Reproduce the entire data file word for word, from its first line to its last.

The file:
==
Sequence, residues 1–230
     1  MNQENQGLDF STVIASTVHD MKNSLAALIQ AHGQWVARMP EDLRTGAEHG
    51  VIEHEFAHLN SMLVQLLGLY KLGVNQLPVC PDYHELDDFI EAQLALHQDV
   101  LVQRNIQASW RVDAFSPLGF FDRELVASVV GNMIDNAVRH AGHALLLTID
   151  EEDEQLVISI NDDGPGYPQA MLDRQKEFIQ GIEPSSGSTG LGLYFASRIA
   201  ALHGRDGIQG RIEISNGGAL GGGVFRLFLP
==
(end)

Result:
Sequence, residues 1–230
     1  MNQENQGLDF STVIASTVHD MKNSLAALIQ AHGQWVARMP EDLRTGAEHG
    51  VIEHEFAHLN SMLVQLLGLY KLGVNQLPVC PDYHELDDFI EAQLALHQDV
   101  LVQRNIQASW RVDAFSPLGF FDRELVASVV GNMIDNAVRH AGHALLLTID
   151  EEDEQLVISI NDDGPGYPQA MLDRQKEFIQ GIEPSSGSTG LGLYFASRIA
   201  ALHGRDGIQG RIEISNGGAL GGGVFRLFLP